The U.S. Marine Corps and Japan Ground Self-Defense Force completed their largest ever bilateral field training exercise in Japan as Resolute Dragon 21 came to a close Dec. 17.
More than 4,000 troops from 3d Marine Division, III Marine Expeditionary Force and the JGSDF’s 9th Division, North Eastern Army combined to rehearse tactics, techniques, and procedures for conducting Expeditionary Advanced Base Operations. Hundreds more from the Japan Air Self-Defense Force and the U.S. Navy, Air Force, Army, and Space Force supported the bilateral exercise, executing integrated operations across more than 1,800 miles of the Japanese archipelago and incorporating 12 expeditionary advanced bases.
“This training is important to enhance interoperability between the U.S. and Japan – deepening mutual understanding of capabilities, equipment, and fighting methods to mutually improve tactical skills,” said Col. Akira Kuroha, Chief of Staff of the JGSDF 9th Division.
Confronting freezing rain and snow, U.S. Marines and Japanese soldiers executed aerial and foot insertions into multiple training areas to seize and secure key terrain, often in contested environments replicated through force-on-force and live-fire training scenarios.
These forces rapidly established EABs featuring a variety of capabilities to include a Bilateral Ground Tactical Coordination Center responsible for synchronizing simulated strikes against maritime targets. The BGTCC coordinated multi-domain effects by leveraging sensor network interoperability, bilateral ground-based precision fires, U.S. Marine Corps and JASDF aircraft, and the USS Ralph Johnson at sea.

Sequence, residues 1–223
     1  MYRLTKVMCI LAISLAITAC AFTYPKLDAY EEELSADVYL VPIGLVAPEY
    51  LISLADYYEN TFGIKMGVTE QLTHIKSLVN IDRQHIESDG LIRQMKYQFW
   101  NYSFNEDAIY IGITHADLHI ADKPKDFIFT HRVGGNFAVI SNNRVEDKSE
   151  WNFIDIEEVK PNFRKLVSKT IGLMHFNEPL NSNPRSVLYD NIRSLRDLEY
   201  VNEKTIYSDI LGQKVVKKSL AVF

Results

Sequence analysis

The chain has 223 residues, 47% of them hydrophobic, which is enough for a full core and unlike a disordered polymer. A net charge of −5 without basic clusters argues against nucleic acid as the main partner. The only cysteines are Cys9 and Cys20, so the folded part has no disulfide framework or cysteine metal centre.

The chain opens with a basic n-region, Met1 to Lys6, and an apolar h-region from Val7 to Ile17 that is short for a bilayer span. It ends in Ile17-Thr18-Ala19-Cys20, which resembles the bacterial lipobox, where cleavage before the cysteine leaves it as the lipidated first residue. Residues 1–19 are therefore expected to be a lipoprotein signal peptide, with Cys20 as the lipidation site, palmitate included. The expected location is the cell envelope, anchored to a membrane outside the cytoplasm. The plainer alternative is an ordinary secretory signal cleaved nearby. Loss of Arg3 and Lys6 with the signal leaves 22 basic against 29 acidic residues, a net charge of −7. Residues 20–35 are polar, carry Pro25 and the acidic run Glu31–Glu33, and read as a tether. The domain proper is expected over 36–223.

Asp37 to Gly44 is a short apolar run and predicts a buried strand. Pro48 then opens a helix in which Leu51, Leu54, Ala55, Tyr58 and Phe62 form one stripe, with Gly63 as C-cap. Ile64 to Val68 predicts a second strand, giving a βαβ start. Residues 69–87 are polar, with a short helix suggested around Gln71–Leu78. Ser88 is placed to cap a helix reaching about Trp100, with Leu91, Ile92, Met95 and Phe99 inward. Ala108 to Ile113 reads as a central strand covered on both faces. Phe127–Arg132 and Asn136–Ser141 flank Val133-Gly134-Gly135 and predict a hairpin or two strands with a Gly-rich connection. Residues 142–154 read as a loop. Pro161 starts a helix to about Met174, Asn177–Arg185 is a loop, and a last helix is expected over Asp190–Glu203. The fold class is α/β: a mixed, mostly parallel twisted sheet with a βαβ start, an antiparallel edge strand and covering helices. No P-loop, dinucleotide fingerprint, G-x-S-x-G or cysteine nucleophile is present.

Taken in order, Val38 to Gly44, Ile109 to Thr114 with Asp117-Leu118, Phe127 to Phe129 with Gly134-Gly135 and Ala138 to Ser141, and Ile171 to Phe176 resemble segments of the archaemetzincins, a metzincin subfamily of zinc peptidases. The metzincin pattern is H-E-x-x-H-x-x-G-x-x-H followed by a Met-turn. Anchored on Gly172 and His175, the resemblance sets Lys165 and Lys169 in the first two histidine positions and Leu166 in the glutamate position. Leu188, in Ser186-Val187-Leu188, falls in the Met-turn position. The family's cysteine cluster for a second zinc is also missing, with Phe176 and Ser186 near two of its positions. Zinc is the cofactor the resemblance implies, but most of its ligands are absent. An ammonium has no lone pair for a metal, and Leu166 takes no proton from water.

“In Resolute Dragon, we are building the plan together, we are sharing the targeting data together, we are choosing the asset we will use to engage that target together, and then we are going after it,” said Maj. Ben Reading, fire support coordination officer for 4th Marines. “The BGTCC is where we come together with our allies to do all of that.”
Simultaneously, U.S. Marines and JGSDF members nearly 200 miles away established bilateral fire direction centers and long-range precision fires capabilities. This capability enabled execution of simulated strikes against maritime targets and provided support to counter-landing operations through employment of both the JGSDF Surface-to-Ship Missile systems and the U.S. Marine Corps High Mobility Artillery Rocket System.
“We’re both learning a lot from each other, and we’re both bringing unique capabilities to this fight that reinforce our ability to prosecute targets anytime, anywhere,” said Capt. Jacob Amon, a field artillery officer and the fires EAB commander for the U.S. troops in the exercise. “The JGSDF are professional, knowledgeable, and they’re really good at what they do.”
Operations during Resolute Dragon 21 culminated in a comprehensive multi-domain maritime strike exercise in which JGSDF SSMs and U.S. Marine Corps HIMARS were successfully employed as part of an integrated kill web executing real-time simulated fire missions against maritime targets. Land, air, and sea-based sensing from U.S. and Japanese assets expanded battlefield awareness and provided data to confirm targets at sea, which the BGTCC processed to coordinate fire missions with assets operating across domains in support of sea denial.
“The United States Military and the Japan Self-Defense Force are a powerful team – equipped to integrate and operate across the spectrum of warfare and in all domains to ensure the defense of every piece of sovereign Japanese territory and defeat any threat to regional peace and security,” said Col. Matthew Tracy, commanding officer of 4th Marine Regiment. “For more than 60 years, we have stood together as the cornerstone of peace and security across the Indo-Pacific.”
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Article by Sgt. Kirstin Spanu, 3rd Marine Division
Feature image: U.S. Marine Corps photo by Sgt. Mario Ramirez